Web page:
Tomorrow, a high level U.S. delegation will sit down with Chinese counterparts in Beijing for the latest installment of a biannual “Strategic and Economic Dialogue.” That’s why I’m especially pleased that Fortune magazine just published a new column of mine explaining why the China grand strategy pursued by Washington since the 1970s is showing signs of dangerous obsolescence.
Michele Flournoy, folks I trust tell me, is not an over-promoted policy lightweight – like, e.g., national security advisor Susan Rice, her predecessor, Tom Donilon, or UN Ambassador Samantha Power. (I’m still ambivalent about adding Secretary of State John Kerry to this list.) They insist that President Obama’s former Undersecretary of Defense for Policy is a defense professional and thinker highly respected both by her civilian colleagues and the military. Maybe that’s why I found her new Washington Post op-ed on the allegedly new China strategy needed by America so thoroughly disappointing.
This is certainly an opportune time to review America’s approach to the PRC, with the two countries set to conduct one of their biannual high level Strategic and Economic Dialogue sessions this week in Beijing. And it’s newsworthy that former Obama aide Flournoy believes that this U.S. strategy is failing. But her article, written with a scholar from the Center for a New American Security she now heads, states that what’s urgently required to fix it is…more of the same – plus a little window-dressing.
Flournoy does a good job shredding the assumptions that have been driving American policy toward China going back to the 1970s. Especially perceptive is her observation, contrary to a continuing stream of predictions from Washington under Democratic and Republican Presidents alike, that decades of peaceful, constructive U.S. engagement with China diplomatically and especially economically are not turning the PRC into a “responsible stakeholder” that will help preserve international peace and prosperity. If anything, China’s is now displaying a growing determination to overturn the status quo in the Asia-Pacific region – and specifically to replace America as the region’s most important power.
Flournoy recommends responding with U.S. steps to “bolster its alliance and partnerships“ and to aid China’s neighbors in building up their own militaries. Such measures, Flounoy adds, “should be complemented by diplomatic efforts to build rules of the road for managing maritime disputes” and to negotiate a binding code of conduct for the South China Sea. Pardon me for asking, but isn’t this already American policy?
To her credit, Flournoy recognizes that some elements of America’s economic approach toward China will need to change, too. But her recommendation that Washington “explore” ways to “exert pressure” on China’s state-owned companies doesn’t depart much from the Obama administration’s (stated) view that these public companies distort markets and that the new trade deals must (somehow) start reining them in.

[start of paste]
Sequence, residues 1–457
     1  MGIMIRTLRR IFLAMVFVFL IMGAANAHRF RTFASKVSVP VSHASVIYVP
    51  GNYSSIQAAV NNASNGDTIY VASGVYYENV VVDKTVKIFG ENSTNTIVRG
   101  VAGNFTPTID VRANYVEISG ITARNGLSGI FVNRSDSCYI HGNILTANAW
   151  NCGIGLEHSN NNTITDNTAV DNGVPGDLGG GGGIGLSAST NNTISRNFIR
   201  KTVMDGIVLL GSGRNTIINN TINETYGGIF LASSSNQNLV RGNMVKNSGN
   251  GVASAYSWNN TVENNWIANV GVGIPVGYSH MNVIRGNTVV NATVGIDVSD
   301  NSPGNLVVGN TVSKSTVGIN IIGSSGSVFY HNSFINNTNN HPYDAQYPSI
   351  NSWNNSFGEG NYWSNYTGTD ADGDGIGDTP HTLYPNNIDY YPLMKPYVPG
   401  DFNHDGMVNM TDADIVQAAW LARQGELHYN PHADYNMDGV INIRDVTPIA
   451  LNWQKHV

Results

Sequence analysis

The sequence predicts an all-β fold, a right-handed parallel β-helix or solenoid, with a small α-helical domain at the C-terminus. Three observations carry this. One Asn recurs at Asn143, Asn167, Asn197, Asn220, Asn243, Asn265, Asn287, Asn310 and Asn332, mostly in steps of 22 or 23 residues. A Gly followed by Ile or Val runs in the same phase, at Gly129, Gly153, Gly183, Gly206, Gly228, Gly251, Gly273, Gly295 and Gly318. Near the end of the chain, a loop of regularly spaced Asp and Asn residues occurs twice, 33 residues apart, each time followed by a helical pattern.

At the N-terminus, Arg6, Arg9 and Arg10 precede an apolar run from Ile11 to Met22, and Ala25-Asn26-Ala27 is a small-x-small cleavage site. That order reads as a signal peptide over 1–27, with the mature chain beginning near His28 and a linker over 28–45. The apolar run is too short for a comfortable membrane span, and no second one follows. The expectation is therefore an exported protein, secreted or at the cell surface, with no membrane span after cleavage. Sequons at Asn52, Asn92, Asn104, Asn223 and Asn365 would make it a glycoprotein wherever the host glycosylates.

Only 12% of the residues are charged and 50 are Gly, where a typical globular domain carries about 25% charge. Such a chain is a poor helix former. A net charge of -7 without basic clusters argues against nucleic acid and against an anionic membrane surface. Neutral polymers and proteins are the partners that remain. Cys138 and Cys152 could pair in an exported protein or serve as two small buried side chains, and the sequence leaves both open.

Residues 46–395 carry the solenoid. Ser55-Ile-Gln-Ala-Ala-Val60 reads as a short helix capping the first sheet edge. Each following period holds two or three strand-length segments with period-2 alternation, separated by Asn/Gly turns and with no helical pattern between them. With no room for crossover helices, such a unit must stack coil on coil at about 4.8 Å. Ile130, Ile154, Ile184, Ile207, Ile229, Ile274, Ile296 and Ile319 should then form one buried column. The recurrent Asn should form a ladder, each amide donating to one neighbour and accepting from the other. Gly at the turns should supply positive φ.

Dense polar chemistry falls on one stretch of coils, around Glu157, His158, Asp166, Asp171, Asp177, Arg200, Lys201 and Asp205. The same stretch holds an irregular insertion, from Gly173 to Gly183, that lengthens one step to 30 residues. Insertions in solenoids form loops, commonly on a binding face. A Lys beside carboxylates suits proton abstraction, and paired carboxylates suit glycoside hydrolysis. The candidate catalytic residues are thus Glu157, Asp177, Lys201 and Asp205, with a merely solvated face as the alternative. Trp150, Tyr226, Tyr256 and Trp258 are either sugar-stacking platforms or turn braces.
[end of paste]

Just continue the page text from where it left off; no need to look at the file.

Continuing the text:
In fact, her article’s virtual neglect of economics sadly mirrors a leading weakness — maybe the leading weakness — of America’s current China strategy. As indicated by the Obama “pivot” to Asia, the United States understands that security business as usual is no longer an acceptable response to China’s more assertive policies in the region. But the President seems to believe that economic business as usual should continue. Thus he’s completely ignored the cumulative effects of decades of U.S. trade and investment policies toward China that have immensely enriched Beijing, made paying for a much stronger military that much easier, and greatly strengthened China’s technology prowess.
As I documented in an article last year, in many respects, China’s high tech weaponry, plus its cyberhacking capabilities, have been Made in the USA – as American tech giants have long been permitted to hand over or sell much of their prize knowhow to Chinese business partners, and therefore to the China’s government and armed forces. What is the point of spending and risking more to deter China’s designs (and it’s important to note that, to date, the pivot remains largely rhetorical) while permitting U.S. multinational companies literally to keep feeding — and upgrading — the beast?
Not that I’m a supporter of simply improving the current U.S. grand strategy toward China and East Asia. I’ve long asked why the nation should incur huge expenses and run substantial risk in protecting (or even stabilizing) a region full of countries that rob Americans blind in trade and other forms of commerce. But nothing would be worse than persisting in the current strategy without taking the security impact of U.S. international economic policies much more fully into account.
Until this greater integration takes place, America’s approach to the Asia-Pacific region will remain un-serious – and potentially disastrously so. Is Michele Flournoy a serious enough strategist to see this economic blind spot before it’s too late? Is anyone anywhere in the U.S. national security establishment?